The discerning differences between professional travel advisors and part-time hobbyists is an age-old subject and one that deserves to be reexamined, particularly in the age of the coronavirus.
“There seems to be quite a divide, which appears to me to be between agents who do travel part time and agents who do travel as their full time careers,” said James Berglie of Be All Inclusive. “The part-time crowd seems to not have an understanding that tour operators and hotels adopt policies to be sustainable, as they are businesses as well, and need to stay in business. The full-time crowd seems to be more focused on solutions that work for everyone.”
He added, “It’ll be very interesting to see how things pan out with the part-time crowd as we go through this difficult time. But to that regard, one thing I hope to see come out of this is a bigger barrier to entry into the industry.”
For his part, Richard Turen of Churchill & Turen believes the pandemic will “make steep inroads in reducing the number of hobbyists.”
Not all part-timers, however, are hobbyists. “Some agents I know who are in semi-retirement work only part-time but have the experience needed in situations we are encountering today and in the past during 9/11,” said Claire Schoeder of Elevations Travel. “Understanding what can and cannot be done is important, and that is learned from experience and training.”
Hobbyists, however, are an entirely different story. “I have encountered an ‘agent’ who did not know what a visa was,” Schoeder said. “She asked why [the client] could not use AMEX or MasterCard. Her host agency only charges a fee and provides some information, but very little formal training. Yet she is an agent.”
Advisors agreed that training and education are part-and-parcel to the success of anyone who is serious about becoming a professional agent.
“I spent 20 years working for luxury hotel chains in jobs ranging from operations to global sales roles that included working closely with top travel advisors and agency owners,” said Laura Madrid of Resort to Laura Madrid. “When I decided to become a travel advisor 10 years ago and joined Travel Experts as an independent contractor, [it] was a very intuitive and natural progression,” which provided her with the tools necessary to be successful.
For Trish Gastineau of Simply Customized Travel, a passion for travel – being part of the military she had traveled most of her life – was the driving force for her joining the industry in the 1990s. “I thought it would be easy,” said Gastineau, a Travel Experts agent. She enrolled in a three-month travel school program and was shocked at what she didn’t know.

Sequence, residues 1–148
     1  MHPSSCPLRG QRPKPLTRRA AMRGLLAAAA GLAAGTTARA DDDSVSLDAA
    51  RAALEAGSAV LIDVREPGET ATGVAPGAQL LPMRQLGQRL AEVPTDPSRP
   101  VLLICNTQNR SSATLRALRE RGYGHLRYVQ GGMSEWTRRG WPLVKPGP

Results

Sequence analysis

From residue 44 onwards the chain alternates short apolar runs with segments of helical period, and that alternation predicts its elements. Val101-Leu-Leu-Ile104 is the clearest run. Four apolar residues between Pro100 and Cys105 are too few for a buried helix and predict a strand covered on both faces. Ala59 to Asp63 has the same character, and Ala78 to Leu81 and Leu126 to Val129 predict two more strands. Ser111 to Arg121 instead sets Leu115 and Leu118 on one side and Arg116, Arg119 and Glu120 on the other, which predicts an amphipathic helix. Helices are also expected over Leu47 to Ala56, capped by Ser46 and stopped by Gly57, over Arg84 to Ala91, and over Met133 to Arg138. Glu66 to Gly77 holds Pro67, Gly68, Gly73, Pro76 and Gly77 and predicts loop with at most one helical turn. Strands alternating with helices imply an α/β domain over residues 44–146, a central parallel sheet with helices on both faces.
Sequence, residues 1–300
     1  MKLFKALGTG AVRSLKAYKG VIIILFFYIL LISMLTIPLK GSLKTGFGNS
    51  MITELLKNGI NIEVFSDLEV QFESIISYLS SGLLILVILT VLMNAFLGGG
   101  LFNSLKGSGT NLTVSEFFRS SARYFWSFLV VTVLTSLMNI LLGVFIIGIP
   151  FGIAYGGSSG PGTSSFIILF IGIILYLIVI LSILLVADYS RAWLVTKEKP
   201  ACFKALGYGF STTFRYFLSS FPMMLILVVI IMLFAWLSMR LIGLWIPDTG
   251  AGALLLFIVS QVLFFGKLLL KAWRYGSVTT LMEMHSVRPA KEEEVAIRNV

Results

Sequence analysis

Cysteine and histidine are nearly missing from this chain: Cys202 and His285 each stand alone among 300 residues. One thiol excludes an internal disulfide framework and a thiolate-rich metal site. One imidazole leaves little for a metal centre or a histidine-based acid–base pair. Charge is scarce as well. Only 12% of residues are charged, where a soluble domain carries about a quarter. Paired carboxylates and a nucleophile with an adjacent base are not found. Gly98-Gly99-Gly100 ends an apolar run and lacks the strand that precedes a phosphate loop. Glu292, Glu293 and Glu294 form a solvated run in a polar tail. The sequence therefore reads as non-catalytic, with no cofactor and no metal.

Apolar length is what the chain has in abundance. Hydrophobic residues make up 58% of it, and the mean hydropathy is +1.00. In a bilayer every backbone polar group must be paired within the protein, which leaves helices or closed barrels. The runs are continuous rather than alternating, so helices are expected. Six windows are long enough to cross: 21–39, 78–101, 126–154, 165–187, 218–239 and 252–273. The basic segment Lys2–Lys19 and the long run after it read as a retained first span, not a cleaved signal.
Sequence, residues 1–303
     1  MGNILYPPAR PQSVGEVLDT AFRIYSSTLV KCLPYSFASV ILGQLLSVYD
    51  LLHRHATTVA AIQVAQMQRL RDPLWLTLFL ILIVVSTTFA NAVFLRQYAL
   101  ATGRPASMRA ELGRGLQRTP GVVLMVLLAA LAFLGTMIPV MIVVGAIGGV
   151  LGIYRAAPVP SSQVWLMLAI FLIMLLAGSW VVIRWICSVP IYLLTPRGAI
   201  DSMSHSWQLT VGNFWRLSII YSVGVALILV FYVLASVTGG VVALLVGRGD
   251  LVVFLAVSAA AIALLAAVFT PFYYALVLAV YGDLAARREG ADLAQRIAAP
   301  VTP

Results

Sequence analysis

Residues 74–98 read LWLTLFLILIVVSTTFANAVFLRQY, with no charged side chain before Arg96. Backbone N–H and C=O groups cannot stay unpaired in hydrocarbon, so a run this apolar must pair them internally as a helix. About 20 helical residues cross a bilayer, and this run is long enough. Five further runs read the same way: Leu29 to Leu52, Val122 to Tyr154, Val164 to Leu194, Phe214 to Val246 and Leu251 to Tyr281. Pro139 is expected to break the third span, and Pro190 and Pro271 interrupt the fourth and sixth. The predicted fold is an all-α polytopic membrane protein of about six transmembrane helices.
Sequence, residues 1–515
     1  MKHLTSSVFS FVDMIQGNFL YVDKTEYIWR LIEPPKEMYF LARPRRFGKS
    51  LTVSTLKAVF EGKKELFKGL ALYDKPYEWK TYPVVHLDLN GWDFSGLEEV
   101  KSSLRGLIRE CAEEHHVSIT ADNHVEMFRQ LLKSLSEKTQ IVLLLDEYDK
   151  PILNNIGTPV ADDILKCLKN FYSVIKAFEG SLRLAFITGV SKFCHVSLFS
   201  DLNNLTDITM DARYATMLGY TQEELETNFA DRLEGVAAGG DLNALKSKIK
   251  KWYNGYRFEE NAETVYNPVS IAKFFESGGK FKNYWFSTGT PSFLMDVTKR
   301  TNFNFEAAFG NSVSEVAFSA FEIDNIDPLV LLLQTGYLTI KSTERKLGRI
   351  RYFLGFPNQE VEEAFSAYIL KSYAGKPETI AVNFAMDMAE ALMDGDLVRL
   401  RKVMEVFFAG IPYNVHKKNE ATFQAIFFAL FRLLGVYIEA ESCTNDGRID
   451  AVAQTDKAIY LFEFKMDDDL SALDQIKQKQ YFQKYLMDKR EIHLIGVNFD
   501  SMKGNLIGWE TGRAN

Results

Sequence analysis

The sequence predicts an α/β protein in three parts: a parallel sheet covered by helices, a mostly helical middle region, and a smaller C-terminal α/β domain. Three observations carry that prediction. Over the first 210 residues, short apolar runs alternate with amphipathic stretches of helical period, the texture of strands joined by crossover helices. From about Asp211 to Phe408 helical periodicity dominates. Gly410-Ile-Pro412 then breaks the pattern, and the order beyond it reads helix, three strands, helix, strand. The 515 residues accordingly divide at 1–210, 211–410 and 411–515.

Gastineau then joined a cruise-only agency, and again was surprised at how much she had yet to learn.
“It scares for the traveling public when [they are] booking with someone who’s a hobbyist in it for the perks,” she said. “It can be dangerous to the [clients] they are ‘helping,’ especially when things don’t go as planned. We’re not only dealing with people’s money but leisure time, which is very valuable because they only have a finite amount of it.”
Over the years, Becky Lukovic of Bella Travel Planning, a Travel Experts agency, has seen new agents enter the industry “simply to travel to see the world for a couple of years at a deep discount, while not growing their actual book of business.”
Many leave the industry after two or three years in business, she said. “Agencies should consider implementing mentorship programs to ensure the success of their new advisors and to educate them on industry etiquette, expectations of sales from suppliers when attending educational events and best practices.”
In Schoeder’s view, “the bar for obtaining an IATAN card should be raised – including the dollar amount of commission required annually and an increase in the number of hours worked from 20 per week to 25 or 30.”
Furthermore, the “amount made should be verified by producing a 1099 in order to obtain and then renew the card,” she said, adding that she was once on a fam trip with an undertaker whose mother owned an agency and listed him as an agent.
“Producing a W2 or 1099 would have made sure an actual agent was on the trip and not someone taking a free trip,” Schoeder said. “Making this more difficult to obtain will cut down on many so-called agents selling only to themselves and family members.”
Other advisors view hobbyists/part-timers through a different lens.
“You have to start somewhere,” said Nowicki of Sunset Travel & Cruise. “I don’t see an issue with someone trying their hand at the travel industry as long as they are doing it honestly and not biting off more than they can chew at the risk of their client’s time and money.”
Or, as Ben Gritzewsky of FROSCH put it: “The industry and marketplace provide ample opportunity and enough natural challenges to filter the hobbyists from the pros. Vendors and suppliers should determine that whom they do business with on the wholesale level is legitimate. Consumers can easily gauge the standard of service they desire, and they get what they pay for, as usual.”
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